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What History Says Happens After The Fed Cuts Interest Rates 3 Times & Then Pauses

What History Says Happens After The Fed Cuts Interest Rates 3 Times & Then Pauses

And why you may not want to hope for a fourth rate cut this year.

The third strike seemed to be just what the market needed Wednesday. 

After the Federal Reserve decided to cut interest rates for the third time this year, the stock market soared, with the S&P 500 even jumping to a new all-time high just two days after it reached its previous record.

But it was Fed Chairman Jerome Powell’s comments after the decision that were the interesting part.



There were some on Wall Street who were already anticipating another quarter-point cut at the central bank’s December meeting, but Powell hinted that the market shouldn’t expect another rate cut in the near term when he said that the committee believes “monetary policy is in a good place now. There’s plenty of risk left, but I’d have to say that the risks seem to have subsided.”

Historically, when the Fed cuts rates three times and then pauses like it is now, it’s usually a very good sign for stocks.

Each time the Fed has cut rates three times over the last 25 years, when the third rate cut has been the last, stocks have performed well over the next year. When the third cut was followed by more cuts? Stocks usually fell because the economy was on its way to a recession.



For this week’s FOMC meeting, the committee removed a key clause that has appeared in its post-meeting statements since June that said it was committed to “act as appropriate to sustain the expansion,” and instead replaced that statement with its commitment to “monitor the implications of incoming information for the economic outlook as it assesses the appropriate path of the target range for the federal funds rate.”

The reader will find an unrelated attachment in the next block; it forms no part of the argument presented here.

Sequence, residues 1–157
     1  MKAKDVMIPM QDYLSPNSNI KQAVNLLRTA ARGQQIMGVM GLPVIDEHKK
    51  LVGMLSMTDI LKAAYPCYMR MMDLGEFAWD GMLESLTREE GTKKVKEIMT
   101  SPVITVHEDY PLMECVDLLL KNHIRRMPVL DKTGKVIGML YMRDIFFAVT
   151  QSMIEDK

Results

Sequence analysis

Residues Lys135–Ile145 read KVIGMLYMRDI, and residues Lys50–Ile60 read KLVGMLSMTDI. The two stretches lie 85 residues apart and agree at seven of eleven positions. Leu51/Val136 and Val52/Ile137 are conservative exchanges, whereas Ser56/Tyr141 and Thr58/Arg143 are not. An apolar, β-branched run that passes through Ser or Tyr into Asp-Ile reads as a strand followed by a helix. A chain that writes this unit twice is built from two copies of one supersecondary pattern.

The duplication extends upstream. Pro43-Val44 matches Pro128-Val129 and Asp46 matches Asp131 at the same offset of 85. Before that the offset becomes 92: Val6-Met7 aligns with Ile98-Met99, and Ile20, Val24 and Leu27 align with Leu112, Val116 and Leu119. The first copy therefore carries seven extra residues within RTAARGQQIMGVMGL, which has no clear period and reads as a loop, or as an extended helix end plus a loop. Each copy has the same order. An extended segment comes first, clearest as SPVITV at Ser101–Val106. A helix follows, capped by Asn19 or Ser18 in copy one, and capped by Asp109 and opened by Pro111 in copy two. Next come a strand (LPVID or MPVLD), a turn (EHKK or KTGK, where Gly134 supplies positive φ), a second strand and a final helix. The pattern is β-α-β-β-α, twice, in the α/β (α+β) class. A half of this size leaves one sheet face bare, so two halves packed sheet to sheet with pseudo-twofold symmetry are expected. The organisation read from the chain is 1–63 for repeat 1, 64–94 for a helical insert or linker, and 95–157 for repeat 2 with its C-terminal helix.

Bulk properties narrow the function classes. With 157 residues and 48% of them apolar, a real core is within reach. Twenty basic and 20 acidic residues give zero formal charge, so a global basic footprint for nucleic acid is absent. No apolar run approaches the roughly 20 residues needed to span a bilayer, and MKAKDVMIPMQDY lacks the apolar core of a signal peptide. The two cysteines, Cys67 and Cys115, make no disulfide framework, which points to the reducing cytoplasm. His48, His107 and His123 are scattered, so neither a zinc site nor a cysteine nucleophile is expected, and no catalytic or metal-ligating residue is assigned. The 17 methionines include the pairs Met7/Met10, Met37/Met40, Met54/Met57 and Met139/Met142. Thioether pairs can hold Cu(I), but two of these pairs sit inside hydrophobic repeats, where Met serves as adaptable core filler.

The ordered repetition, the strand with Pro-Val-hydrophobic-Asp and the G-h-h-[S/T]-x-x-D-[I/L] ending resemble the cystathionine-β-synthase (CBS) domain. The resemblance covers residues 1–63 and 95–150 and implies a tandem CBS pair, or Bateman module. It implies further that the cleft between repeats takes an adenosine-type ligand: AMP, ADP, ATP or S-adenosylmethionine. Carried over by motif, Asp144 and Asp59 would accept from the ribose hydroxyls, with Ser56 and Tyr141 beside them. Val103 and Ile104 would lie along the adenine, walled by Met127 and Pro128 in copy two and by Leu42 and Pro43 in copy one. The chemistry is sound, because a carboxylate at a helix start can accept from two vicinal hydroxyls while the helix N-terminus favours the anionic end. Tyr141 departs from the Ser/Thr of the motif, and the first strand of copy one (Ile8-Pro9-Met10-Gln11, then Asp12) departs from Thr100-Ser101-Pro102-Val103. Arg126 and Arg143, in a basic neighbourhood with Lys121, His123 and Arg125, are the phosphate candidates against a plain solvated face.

Powell also said in his presser following the decision that central bank officials “see the current stance of monetary policy as likely to remain appropriate.”

“We’ve seen periods of economic slowdowns that had three consecutive 25 basis point cuts, most recently in the mid-and late 1990s,” said LPL Financial senior market strategist Ryan Detrick. “The good news is the economy accelerated after the slowdowns and stocks did quite well.”



Detrick was referring to the Alan Greenspan era between 1995 and 1996 and in 1998, when the Fed cut interest rates three times and then stopped in an effort to thwart an economic downturn and sustain the economic expansion. In those cases, the S&P 500 returned 24.76% and 19.39%, respectively, over the following year.

Evercore ISI Chairman Ed Hyman called this three-cut strategy the “magic sauce in the 1990s to get growth to stop slowing.” In fact, the 1998 expansion ended up being the second-longest expansion in history, behind the one we’re in now.

Greenspan, for his part, says that it’s too soon to start betting on a U.S. recession now as business are still borrowing.



“The economy has been weakening, but we’re still in a period of deleveraging,” Greenspan said. “No recession in the last half century, at least, began from a period of deleveraging.”

“I’m cautious about the long-term outlook, and we’re currently running under 2% real GDP annual growth rate, but we nonetheless don’t appear to be sinking into recession despite the fact that economic growth has slowed significantly,” the former Fed chairman continued.

If the Fed does end up needing to issue another rate cut, hold on to your hats as it likely won’t be a good sign for the economy.



In 2001 and 2007, or the dotcom bubble and the beginning of the financial crisis, the Fed cut interest rates three times and kept cutting to try to jumpstart the economy. In those cutting cycles, the S&P 500 sank -12.64% and -42.37%, respectively over the following year.

If the historical data is any guide then, hoping for another rate cut now is tantamount to hoping for a recession over the next year.


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